The Lightness of Being

Reflections on Chapter 26 of the Tao Te Ching:

Heaviness is the root of lightness.
Tranquility is the master of impulsivity.

The sage travels all day without
leaving her bags unattended.

Stays calm and unattached,
though she experiences magnificent things.

How can a master of Ten Thousand Things
be frivilous with her own person?

With lightness, one loses her root.
With impulsiveness, one loses her mastery.


I like the line about the sage traveling without leaving her bags unattended. All throughout these chapters, Lao Tzu talks a lot about staying present and keeping the opposite in mind. If you travel without leaving your bags unattended, it doesn’t mean that you are in fear. It’s more about being aware of the energy of things. It’s about keeping your awareness amidst all of the activity.

Lao Tzu frequently references being unattached to things throughout the text. When we are attached to things, we are living out of fear. If someone travels all day, they are doing many things – enjoying their life. The bags represent what is solid. The sage does not forget who he is.

Heaviness is the root of lightness. In Tai Chi, there is the principle of sinking. You sink your energy down, into the ground. But you are still light in your body. So there is always this dichotomous sense of heavy and light that is going on in the study of the Tao.  The sage’s bags are heavy because they are rooted in the Tao, but she is traveling all day so there is a lightness to her.

Tranquility is the master of inpulsivity. Tranquility is underneath everything, regardless of what you are doing or how you are responding. This goes back to our previous conversation where there is a light layer on top and underneath that is always the Tao. The Tao has a sense of fullness and serenity that comes with it.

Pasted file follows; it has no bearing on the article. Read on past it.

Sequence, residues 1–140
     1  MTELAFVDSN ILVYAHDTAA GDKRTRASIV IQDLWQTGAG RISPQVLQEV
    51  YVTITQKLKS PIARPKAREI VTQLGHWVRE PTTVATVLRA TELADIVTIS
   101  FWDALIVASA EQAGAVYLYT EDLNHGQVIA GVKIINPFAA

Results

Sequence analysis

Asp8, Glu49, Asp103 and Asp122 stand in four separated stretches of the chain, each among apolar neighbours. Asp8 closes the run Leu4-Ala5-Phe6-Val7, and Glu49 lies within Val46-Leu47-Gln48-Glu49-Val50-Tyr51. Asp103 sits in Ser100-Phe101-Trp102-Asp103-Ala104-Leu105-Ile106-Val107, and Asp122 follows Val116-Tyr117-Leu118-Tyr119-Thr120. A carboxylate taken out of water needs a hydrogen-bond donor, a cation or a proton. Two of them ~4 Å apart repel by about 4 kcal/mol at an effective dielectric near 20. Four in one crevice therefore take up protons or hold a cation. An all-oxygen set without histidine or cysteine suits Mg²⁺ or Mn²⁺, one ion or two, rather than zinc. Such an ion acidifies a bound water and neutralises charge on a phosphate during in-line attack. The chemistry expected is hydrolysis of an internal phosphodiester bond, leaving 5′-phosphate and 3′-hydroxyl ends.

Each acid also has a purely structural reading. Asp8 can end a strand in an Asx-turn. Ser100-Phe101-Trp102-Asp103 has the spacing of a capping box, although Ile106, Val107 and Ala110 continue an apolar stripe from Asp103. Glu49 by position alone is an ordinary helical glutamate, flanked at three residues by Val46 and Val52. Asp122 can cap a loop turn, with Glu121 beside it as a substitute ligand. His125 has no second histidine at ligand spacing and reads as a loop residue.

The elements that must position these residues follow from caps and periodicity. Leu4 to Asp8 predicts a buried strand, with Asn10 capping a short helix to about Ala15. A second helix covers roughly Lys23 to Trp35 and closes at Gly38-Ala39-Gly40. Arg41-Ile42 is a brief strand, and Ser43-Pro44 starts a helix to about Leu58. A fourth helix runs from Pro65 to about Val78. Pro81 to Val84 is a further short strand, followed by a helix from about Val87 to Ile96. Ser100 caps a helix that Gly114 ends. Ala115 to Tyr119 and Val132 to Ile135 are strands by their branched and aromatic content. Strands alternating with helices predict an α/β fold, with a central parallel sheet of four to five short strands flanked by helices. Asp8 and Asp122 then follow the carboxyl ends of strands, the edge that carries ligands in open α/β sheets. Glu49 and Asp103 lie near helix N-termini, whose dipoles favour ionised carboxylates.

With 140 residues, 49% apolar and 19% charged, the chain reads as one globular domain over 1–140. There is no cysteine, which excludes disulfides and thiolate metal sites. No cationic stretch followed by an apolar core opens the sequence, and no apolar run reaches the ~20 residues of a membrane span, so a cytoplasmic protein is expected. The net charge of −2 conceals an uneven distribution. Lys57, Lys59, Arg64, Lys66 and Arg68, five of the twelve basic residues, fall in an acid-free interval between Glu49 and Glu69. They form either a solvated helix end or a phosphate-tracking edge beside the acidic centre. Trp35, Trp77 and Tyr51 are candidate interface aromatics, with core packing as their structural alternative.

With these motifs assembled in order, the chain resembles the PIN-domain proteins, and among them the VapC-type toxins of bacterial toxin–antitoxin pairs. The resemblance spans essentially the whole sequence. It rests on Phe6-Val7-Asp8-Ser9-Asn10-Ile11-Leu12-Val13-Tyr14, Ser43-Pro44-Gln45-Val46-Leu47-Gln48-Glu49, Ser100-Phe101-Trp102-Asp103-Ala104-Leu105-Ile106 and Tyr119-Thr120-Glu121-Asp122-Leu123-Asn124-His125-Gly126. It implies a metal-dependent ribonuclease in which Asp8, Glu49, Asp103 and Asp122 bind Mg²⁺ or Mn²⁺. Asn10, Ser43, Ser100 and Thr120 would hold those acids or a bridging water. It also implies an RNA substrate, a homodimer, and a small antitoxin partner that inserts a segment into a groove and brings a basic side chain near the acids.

In any moment that you are in, you can access that stillness inside of you. If you are riding in an elevator, you can just pause and feel your breath. There is a depth to that, a tranquility. There’s a heaviness to that. Yet, you can go about your day. The sage has the ability to travel all day, yet she never leaves her bags. She is always aware, always conscious.

So what is your practice? Are you able to grab little moments of peace throughout the day or do you forget your bags?  Please share your comments in the space below!

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  1. I love reading your posts Amy, they contribute to the peace in my day. It’s been a while since I’ve taken Tai Chi, however, I do remember that it’s all about balance and momentum; you sink your energy into the ground to keep you rooted which helps maintain balance. And you remain light and use the opponents momentum (the heaviness) against them. It’s a very feminine approach.

    And in art, the darkness or negative space actually defines the form or light space in the painting or drawing.

    Thank you for another great post.
    Julia Neiman recently posted…Laying The Foundation For SuccessMy Profile

  2. Pingback: 26 – Mastering Serenity

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